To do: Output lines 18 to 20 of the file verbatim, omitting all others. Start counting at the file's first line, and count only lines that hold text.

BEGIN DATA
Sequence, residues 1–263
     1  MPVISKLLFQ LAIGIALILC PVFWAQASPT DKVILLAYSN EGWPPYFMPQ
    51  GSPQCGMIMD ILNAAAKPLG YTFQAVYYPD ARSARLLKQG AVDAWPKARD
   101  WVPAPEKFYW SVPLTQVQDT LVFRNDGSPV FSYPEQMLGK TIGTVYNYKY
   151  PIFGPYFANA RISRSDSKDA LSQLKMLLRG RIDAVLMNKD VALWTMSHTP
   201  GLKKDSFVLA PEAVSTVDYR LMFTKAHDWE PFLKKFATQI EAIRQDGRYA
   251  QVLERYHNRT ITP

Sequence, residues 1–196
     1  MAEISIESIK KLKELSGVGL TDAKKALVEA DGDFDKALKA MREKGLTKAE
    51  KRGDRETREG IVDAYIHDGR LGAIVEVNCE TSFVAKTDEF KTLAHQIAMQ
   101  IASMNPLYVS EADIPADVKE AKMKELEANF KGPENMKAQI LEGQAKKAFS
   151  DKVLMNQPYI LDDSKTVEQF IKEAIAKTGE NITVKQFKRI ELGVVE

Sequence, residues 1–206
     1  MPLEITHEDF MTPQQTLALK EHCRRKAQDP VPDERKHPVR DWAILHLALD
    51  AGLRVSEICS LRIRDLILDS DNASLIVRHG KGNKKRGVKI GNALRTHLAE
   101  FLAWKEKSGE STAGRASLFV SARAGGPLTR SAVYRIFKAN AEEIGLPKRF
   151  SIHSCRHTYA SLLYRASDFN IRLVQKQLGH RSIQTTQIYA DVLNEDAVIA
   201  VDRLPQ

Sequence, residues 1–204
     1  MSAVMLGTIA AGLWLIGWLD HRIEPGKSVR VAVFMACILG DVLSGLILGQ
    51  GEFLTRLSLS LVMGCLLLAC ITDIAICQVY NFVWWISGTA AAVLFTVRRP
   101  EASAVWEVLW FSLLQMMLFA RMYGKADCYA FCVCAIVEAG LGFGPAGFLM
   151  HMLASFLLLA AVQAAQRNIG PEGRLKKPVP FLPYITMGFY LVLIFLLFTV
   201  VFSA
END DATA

   201  VDRLPQ

Sequence, residues 1–204
     1  MSAVMLGTIA AGLWLIGWLD HRIEPGKSVR VAVFMACILG DVLSGLILGQ